Thank you, Jack, and Bill Treanor, and congratulations to all of you being honored this evening.  It is a special occasion.

I am so proud to be part of this Law Center and University.  As much or more than any other law school in the country, we stand for and work for justice for people who are marginalized and excluded from full participation in our society.

Last week I was here in this room to celebrate the important work our University is doing to create second chances for people returning from prison.  And you, Jack, led the discussion.  It was powerful, and it was not just a program, it was a statement about the commitment of this University.  It was important, and I was so glad to be part of it.

“Life of Learning.”  For me it means making the world a better place.  It means what we do with what we learn.  For me “Life of Learning” means what the Jewish prayer says. “Tikkun Olam,” which means repair the world.

I think it began with my parents in a way that I didn’t understand until years later.  They never said it out loud.  Each of them took part in the community and made it better.  My father, a lawyer in Minneapolis, took pro bono civil rights cases and was a key player in founding the Mt. Sinai Hospital for the Jewish community and its physicians. My mother who died much too young was a wonderful pianist who accompanied the mother singers in my elementary school.  They loved doing those things and I was so proud of both of them.  I realized much later that they had influenced me without saying a single word.

Another lesson.  Justice Arthur Goldberg, for whom I clerked, taught me the difference between law and justice.  As our Law Center says “Law is but the means, justice is the end.” I learned that from Justice Goldberg.  He always asked what the justice issue was before he asked about the law.  It didn’t get the point initially, but I finally got it. I didn’t exactly know what to do with it, but it stayed with me.

I learned something about what to do with it when I went to work for Robert Kennedy in the Senate.  He knew and he was all about repairing the world.  I learned a ton.  Drinking from a fire hose.  And because I was working for him I met my dear wife Marian.

I learned more from Robert Wood, my boss at the University of Massachusetts, who taught me an enormous amount about politics in universities, and more yet when Governor Hugh Carey made me Director of the Division of Youth in New York.  It was the first time I was in charge and that was a total change.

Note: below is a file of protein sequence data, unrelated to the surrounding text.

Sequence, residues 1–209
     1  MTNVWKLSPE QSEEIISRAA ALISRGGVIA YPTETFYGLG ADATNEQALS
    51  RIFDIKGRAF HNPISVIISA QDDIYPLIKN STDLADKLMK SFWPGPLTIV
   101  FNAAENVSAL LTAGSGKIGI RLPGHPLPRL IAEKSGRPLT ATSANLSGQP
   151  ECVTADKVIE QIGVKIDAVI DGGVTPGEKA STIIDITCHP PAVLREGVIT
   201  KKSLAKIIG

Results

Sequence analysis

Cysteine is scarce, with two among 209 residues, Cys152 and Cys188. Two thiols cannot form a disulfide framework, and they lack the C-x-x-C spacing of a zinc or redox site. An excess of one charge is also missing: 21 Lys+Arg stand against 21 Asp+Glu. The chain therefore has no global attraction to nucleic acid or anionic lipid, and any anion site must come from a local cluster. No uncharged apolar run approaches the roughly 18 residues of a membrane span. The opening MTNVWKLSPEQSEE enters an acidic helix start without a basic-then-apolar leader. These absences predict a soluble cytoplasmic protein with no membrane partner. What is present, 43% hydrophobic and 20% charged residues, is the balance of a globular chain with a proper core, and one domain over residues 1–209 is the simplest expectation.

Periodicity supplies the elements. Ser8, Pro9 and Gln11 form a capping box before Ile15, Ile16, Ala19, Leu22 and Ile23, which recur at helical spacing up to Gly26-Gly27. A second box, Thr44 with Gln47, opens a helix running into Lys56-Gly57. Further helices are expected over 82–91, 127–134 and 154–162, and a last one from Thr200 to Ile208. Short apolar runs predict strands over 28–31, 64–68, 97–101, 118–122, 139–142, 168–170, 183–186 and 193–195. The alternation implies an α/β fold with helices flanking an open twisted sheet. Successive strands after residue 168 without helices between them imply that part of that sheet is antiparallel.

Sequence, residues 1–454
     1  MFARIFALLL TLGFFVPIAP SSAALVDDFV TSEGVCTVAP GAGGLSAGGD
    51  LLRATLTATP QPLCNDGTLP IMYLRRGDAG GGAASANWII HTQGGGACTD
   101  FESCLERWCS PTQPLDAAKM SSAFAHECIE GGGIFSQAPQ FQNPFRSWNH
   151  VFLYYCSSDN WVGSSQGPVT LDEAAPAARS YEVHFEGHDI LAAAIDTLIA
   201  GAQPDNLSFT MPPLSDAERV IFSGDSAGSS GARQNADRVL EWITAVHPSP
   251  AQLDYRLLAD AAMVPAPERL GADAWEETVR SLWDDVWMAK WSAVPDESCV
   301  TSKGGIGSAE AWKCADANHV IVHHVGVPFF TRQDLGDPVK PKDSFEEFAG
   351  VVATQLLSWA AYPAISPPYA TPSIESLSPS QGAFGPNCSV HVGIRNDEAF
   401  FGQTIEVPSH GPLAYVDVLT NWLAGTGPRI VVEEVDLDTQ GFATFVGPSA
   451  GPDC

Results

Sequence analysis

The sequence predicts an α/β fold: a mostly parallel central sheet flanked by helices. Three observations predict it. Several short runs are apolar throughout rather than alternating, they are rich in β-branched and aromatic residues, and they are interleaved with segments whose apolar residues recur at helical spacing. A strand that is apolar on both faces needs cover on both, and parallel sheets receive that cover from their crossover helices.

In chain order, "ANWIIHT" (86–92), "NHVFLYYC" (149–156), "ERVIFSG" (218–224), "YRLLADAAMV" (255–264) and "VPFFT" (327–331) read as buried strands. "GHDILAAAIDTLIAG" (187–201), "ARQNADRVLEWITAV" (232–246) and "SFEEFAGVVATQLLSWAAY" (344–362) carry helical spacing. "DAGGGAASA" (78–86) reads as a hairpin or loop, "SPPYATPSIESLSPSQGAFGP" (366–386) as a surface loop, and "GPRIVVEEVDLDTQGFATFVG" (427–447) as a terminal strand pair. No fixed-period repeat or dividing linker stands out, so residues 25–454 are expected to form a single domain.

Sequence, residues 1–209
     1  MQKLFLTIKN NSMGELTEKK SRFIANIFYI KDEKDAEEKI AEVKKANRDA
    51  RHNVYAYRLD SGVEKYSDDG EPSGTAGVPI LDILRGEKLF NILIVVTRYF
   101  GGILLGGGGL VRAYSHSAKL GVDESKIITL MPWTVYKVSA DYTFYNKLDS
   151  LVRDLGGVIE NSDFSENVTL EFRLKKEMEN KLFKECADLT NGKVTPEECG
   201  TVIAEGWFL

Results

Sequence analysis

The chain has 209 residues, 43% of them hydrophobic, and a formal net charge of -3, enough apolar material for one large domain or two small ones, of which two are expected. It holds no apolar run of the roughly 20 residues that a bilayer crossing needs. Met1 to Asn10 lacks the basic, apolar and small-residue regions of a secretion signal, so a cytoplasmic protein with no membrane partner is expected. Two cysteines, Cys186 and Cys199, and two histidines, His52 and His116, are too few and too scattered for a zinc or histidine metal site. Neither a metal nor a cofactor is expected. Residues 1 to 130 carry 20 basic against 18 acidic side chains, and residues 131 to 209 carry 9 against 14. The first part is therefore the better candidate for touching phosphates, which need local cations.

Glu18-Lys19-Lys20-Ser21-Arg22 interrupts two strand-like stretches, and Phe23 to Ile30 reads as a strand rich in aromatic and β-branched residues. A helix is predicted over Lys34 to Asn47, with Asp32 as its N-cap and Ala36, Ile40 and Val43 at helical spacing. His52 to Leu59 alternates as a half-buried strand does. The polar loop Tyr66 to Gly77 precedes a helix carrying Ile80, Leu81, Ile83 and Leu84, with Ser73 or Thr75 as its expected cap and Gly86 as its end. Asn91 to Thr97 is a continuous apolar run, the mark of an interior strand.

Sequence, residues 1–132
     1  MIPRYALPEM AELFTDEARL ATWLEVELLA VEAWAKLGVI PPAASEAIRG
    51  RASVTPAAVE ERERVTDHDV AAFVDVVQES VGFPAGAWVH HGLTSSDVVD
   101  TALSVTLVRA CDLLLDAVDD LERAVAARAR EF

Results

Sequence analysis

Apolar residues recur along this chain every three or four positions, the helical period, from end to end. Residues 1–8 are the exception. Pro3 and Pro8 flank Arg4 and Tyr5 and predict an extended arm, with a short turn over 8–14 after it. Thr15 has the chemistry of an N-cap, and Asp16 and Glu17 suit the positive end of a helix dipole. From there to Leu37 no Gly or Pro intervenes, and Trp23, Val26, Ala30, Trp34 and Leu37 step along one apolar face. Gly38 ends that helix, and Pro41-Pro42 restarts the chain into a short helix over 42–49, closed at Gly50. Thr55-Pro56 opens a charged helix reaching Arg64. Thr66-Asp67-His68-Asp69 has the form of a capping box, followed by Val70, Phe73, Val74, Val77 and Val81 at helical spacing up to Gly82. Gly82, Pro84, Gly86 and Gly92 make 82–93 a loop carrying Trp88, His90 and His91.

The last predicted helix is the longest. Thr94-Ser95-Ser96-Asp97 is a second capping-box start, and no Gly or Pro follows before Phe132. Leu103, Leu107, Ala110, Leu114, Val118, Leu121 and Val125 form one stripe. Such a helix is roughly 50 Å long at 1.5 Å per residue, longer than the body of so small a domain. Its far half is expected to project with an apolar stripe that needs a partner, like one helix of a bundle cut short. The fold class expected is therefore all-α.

My “Life of Learning” was moving along.

Then came my move to Georgetown, to a university.  My life still meant bending arc toward justice, but the details were distributed differently.  It is in my teaching, in my writing, and in action inside the Law Center and outside.  It is the life of my learning since 1982.

Nothing means as much to me as my teaching, guiding young people who are headed for being public-interest lawyers, especially ones who want to pursue justice by reducing poverty in our country. The notes and visits from former students who tell me what they’re doing toward repairing the world, that’s the best of the best.

After my four grandchildren.  And their parents, of course.  I’m so glad that Marian and Josh and Heather and two of our wonderful grandchildren, Ellika and Zoe, are all here.

That brings us to what I want to address briefly today: three intertwined crises in our nation that are paramount in my life of learning.

One.  I know a lot about poverty, but I didn’t know we had a national crisis of fines and fees and money bail.  What opened my eyes happened in Ferguson, Missouri.  Beyond the killing of Michael Brown, it was abusing its own citizens with unbelievably exorbitant fines and fees for minor crimes and sending them to jail when they could not pay.

In large part we woke up because of a searing report done by the U.S. Department of Justice.  And what we found was a national epidemic of huge fines and fees, drivers’ license suspensions by the millions, gross abuse of money bail, and paying for room and board in jail and prisons.  Its root was the anti-tax rebellion that began in the Reagan era, with “user fees” replacing tax financed services — in court systems as elsewhere and making the poor poorer, sometimes until they die.